What Killed Vedavalli - TB Or Sheer Negligence Of Doctors?

(This story is based upon inputs given by Vedavalli’s daughter Radha to CNS via email)
58 years is no age to die. Yet Radha Rangaswamy’s mother Vedavalli died of tuberculosis (TB) in the last week of October 2012 precisely at that age. Her only fault seemed to be her undaunted faith in the public health system of India (the Government DOTS programme) which proved to be her undoing.

Radha recalls that when Vedavalli had bouts of cough and fever in 2010, she went to the government TB centre in Puducherry where she was diagnosed with TB. The doctors there put her on category 1 (CAT1) regimen for TB treatment of alternate day therapy--Monday, Wednesday and Friday. But even after 4 months of treatment her sputum still tested positive (3+) for TB. So they gave her Streptomycin injections. She took 30 injections along with the weekly three doses of medicines like before. After 3 months of this regimen her sputum was negative. So she was put on continuation phase regimen. But within a month she developed complications. After three months of treatment her sputum tested positive again (3+). A drug sensitivity test was done and her medication was stopped by the doctors till the time the drug sensitivity report came. At that point of time, while searching for information on TB through the internet, Radha came across a website edited by Mr Nathan Jeff who put her in touch with Ms Blessina Kumar-- a Public Health Consultant, and Vice Chair- Stop TB Partnership, who went all out to help her. When Ms Blessina contacted the RNTCP people they sent them back to the State TB Officer and got the patient admitted in the Government Chest Clinic Puducherry for a month. Meanwhile the drug sensitivity report showed that she was sensitive to all drugs. Again she was put back on CAT1 regimen for the third time-- injections along with medicines on alternate days. But even after 4 months of this treatment, when the sputum test was taken it was still positive.

Finally, with Ms Blessina’s help Radha got her mother admitted in the TB Research Centre at Chennai for proper investigations and treatment. There Dr.Soumya Swaminthan and her team did many tests and found out that that though Vedavally had been on DOTS therapy repeatedly, there was a negligent amount of drugs in her blood. In fact they found no trace of rifampicin in her blood. They put her on a daily regimen of their own drug supply including Oflaxcin. Just after one month of this treatment her sputum tested negative. But alas! it was too late. Her lungs had already been damaged beyond repair and just as everyone thought she was getting better she died in the last week of October 2012.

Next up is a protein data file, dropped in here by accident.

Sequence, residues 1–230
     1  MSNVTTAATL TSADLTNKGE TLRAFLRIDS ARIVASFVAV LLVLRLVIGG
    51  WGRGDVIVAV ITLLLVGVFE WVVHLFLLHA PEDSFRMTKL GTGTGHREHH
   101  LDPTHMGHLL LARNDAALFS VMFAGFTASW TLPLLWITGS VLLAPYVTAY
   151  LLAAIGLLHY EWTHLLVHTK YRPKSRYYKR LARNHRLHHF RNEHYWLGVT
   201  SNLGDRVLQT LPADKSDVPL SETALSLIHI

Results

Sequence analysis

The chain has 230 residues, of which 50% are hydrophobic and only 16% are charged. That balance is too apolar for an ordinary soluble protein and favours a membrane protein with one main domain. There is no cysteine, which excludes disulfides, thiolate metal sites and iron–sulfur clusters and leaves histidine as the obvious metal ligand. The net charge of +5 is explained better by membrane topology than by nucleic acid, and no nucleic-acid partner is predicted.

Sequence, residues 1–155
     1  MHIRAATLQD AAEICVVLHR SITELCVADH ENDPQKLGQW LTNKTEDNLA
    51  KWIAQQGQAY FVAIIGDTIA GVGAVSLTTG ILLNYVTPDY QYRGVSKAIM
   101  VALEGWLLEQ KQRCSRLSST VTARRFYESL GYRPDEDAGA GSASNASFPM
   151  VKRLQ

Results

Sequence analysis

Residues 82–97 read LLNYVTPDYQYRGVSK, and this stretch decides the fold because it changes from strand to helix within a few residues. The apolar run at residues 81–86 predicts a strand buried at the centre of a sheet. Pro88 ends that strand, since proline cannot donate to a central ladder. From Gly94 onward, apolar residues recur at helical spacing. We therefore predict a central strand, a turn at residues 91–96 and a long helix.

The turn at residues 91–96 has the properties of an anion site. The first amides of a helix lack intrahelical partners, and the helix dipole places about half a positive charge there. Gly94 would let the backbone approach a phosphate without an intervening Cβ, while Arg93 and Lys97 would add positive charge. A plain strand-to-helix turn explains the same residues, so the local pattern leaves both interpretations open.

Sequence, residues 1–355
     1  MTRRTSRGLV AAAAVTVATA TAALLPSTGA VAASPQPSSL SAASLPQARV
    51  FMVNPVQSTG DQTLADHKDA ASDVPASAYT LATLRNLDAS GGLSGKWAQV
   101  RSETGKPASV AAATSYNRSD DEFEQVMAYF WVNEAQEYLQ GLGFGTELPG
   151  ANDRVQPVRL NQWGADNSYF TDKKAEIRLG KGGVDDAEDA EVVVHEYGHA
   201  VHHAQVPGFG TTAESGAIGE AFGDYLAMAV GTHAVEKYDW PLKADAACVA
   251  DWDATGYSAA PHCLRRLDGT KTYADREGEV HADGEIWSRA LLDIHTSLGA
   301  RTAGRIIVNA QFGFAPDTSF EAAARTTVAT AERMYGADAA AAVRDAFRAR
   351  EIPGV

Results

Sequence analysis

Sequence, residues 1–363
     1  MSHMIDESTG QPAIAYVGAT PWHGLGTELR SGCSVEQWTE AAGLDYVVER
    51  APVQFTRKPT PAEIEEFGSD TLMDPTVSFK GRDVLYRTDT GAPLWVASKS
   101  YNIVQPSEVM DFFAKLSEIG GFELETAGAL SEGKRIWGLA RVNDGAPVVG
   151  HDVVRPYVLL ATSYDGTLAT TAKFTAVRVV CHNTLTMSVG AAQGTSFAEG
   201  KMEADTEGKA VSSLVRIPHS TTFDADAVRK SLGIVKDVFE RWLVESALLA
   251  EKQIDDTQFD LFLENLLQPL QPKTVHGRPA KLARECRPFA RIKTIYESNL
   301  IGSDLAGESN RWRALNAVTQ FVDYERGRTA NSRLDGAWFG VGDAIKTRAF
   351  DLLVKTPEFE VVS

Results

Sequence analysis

Radha is too distraught at her mother’s untimely death, and rightly so. She laments, “My mom took medicines and injections for one and a half years regularly as instructed and yet she died. The doctors at Puducherry should have tried to check as to why she was not responding to the drugs despite being sensitive to them. If they were not able to find out the problem, they could have at least told us to take her to Chennai. Instead they repeatedly put her on the same regimen to which she was not responding. For them it was just one of their many cases, but for me she was my mother. Will they ever realise that it is because of their negligence that I have lost my mother today? Will they ever realise the pain? It has been almost 10 days since I called and informed the hospital. But till today nobody has turned up to find out what happened. I had already lost my father and now I have lost my mother. I can never absolve myself of the guilt of not taking her to Chennai earlier, because then she would have lived. This is a nightmare for me. Who is responsible for my mother's death? Is it my fault in believing in the Government health system? I trusted the Government, and what did I get in reward for this faith? I saw my mom dying in front of my eyes and this thought will haunt me for the rest of my life.”

There must be many more such untold stories of neglect and utter callousness. We always make a hue and cry about controlling and regulating the private TB sector, which of course is necessary. But then it is equally important for the government health system to mend its own house of glass and set it in order rather than keep on throwing stones at others. There have been other cases too where the quality of medicines given out at public health centres was found to be suspect. Pushpa Narayan reported the issue of empty capsules of rifampicin in an article in Times of India which quotes a female DOTS provider of Trichy who has found several empty capsules of rifampicin while doling out antibiotics to TB patients. In Tamilnadu itself nearly 7% of the over 4000 drugs tested in 2012 were found to be of substandard quality and did not have the prescribed strength of the active ingredients—which could be fatal in the case of TB patients as has already been proved.

As if this were not enough, misdiagnosis of TB is also rampant. Recently it was reported in the media that Dr Yacha, Head, department of gastro paediatrics at SGPGI, Lucknow lamented that  20% of children brought to SGPGIMS for advance treatment had been wrongly diagnosed and treated for abdominal tuberculosis even though they never had TB but were suffering from some other ailment. This not only left the main disease untreated, but caused severe side effects and made them more prone to DR TB.

Radha wishes that her mother’s death should have some meaning and should not go unsung. She wants to do something, so that no other daughter or son suffers her fate. And Radha cannot be more right. There has to be an end to unnecessary deaths from a treatable disease. Should we as civil society members remain silent? The government owes her an answer. We all owe an answer to the likes of Radha.